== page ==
Posted on 23 Apr 2014

Encoding/Decoding Base64

Intro

The other day I made a post on bitwise operators, and since then I wrote up an implementation of encoding/decoding a hex string to base64 and back. To do this I used a good amount of stuff from the bitwise post, so if you aren't up to speed on that I suggest you read over it.

What is Base64?

Base64 gives us a way to represent binary data as textual data. This binary data can be anything from an image, paragraph of text, a song, etc. There are a number of reasons you may want to encode something with Base64, such as for transmitting binary data over a network, simple obfuscation, cryptography, and more. For a full explanation of Base64 check out it's wikipedia page.

Encoding Hex to Base64

To get started, we are going to go over encoding a hex string to Base64. To do this you have to keep a couple of things in mind.

  • Each character in a hex string has 4 significant bits.
  • Each character in a base64 string has 6 significant bits.
  • In this post we are doing MIME base64 encoding, thus using '+' and '/'.

Doing a little math we know that the least common multiple of 4 and 6 is 12. So therefore, for every 3 hex characters we are going to get 2 base64 characters. In order to do this we are going to utilize some bit shifting as well as bitwise AND and OR. With all of that in mind, lets take a look at the code!

static const string b64EncodeLookup{"ABCDEFGHIJKLMNOPQRSTUVWXYZabcdefghijklmnopqrstuvwxyz0123456789+/"};

string b64_encode_hex(const unsigned char *data, size_t size) {
    string encodedStr{};

    // Determine # of b64 sets expected - 12 bits per.
    size_t sets = size / 3;
    // Determine padding required.
    size_t pad = size % 3;
    // pad must me 0 or 1.
    if(pad == 2) {
        return encodedStr;
    }
    // Determine how many characters should be encoded.
    size_t count = sets * 3;

    encodedStr.reserve(sets*2+2);

    // We may need these if there is padding.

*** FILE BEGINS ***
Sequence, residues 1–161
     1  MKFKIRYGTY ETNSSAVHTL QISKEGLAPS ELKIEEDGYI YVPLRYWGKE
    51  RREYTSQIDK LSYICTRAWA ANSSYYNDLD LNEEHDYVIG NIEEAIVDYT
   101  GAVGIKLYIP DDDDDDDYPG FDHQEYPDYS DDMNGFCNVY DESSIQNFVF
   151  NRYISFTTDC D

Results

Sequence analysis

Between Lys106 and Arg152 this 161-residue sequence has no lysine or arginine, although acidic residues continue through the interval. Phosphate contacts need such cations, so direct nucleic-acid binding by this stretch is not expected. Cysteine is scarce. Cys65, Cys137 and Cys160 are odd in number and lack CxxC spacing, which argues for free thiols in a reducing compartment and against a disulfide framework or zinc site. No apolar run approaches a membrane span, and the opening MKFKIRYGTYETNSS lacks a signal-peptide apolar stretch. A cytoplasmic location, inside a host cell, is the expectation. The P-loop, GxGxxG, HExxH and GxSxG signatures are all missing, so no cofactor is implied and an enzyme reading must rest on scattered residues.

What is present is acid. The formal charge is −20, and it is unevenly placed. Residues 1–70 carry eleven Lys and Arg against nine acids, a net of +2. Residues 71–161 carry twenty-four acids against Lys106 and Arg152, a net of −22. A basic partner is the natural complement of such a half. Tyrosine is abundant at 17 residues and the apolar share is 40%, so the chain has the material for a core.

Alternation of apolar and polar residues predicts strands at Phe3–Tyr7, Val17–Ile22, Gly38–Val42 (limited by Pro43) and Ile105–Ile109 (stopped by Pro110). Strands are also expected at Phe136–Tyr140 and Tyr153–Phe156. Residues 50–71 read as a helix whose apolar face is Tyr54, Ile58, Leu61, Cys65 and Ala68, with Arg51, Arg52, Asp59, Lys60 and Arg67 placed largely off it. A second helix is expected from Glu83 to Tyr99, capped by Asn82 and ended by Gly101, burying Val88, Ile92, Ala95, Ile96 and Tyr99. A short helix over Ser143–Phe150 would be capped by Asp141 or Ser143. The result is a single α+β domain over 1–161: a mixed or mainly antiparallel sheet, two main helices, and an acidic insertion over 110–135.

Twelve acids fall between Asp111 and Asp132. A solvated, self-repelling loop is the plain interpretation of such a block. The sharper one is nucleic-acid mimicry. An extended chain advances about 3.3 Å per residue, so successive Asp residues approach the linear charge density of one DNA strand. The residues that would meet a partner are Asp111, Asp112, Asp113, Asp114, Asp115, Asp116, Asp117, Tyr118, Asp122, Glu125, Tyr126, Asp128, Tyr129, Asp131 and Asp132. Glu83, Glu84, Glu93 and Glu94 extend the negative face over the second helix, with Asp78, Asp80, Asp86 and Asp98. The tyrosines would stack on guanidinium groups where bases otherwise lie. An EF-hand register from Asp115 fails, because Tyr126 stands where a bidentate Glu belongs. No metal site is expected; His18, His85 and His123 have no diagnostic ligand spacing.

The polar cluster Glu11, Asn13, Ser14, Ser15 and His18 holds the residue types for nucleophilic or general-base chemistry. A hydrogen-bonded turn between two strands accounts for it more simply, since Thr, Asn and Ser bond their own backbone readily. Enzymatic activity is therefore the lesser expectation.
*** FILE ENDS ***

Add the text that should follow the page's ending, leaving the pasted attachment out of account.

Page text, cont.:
unsigned long long h = 0;
    size_t i = 0;

    // Encode data 3 hex characters(12bits) at a time.
    for(i = 0; i < count; i += 3) {
        // Grab copies of the next 3 characters.
        char a = data[i];
        char b = data[i+1];
        char c = data[i+2];
        // Convert the hex characters to their values, and merge them all into a single variable.
        h = strtoull(&a, nullptr, 16) << 8;
        h |= strtoull(&b, nullptr, 16) << 4;
        h |= strtoull(&c, nullptr, 16);
        // Lookup corresponding base64 character and add to encoded string.
        encodedStr.push_back(b64EncodeLookup[0x3f & (h >> 6)]);
        encodedStr.push_back(b64EncodeLookup[0x3f & h]);
    }

    // Check if padding is required.
    if(pad == 1) {
        // Repeat above process, expect for a single character.
        char a = data[i];
        h = strtoull(&a, nullptr, 16) << 8;
        encodedStr.push_back(b64EncodeLookup[0x3f & (h >> 6)]);
        // Pad with a single '=' character.
        encodedStr.push_back('=');
    }

    return encodedStr;
}

If you understand bit manipulations and how hex numbers work then this shouldn't blow your mind. If you don't, then check out my post on it and then comeback! It will probably make more sense. Something to note is that you can encode ascii strings as well. The way I would do it is to just convert your ascii string to a hex string, and use this function.

Decoding Base64 to Hex

So we encoded the hex string to base64, but what if we want to get back our original hex string? Well that is what we are about to see! I took a different approach to the decoding by not using a lookup table for the base64 characters. I did this for 2 reasons; the speed and efficiency improvements of this compared to doing searches in a table/container, and I just wasn't a fan of the table/container. The comments should explain any semi-confusing areas pretty well.

static const string hex_digits{"0123456789abcdef"};

string b64_decode_hex(const unsigned char *str, size_t size) {
    string decoded{};

    // Check if valid base64 string.
    if(size % 2 != 0) {
        return decoded;
    }
    // Determine # of hex sets expected.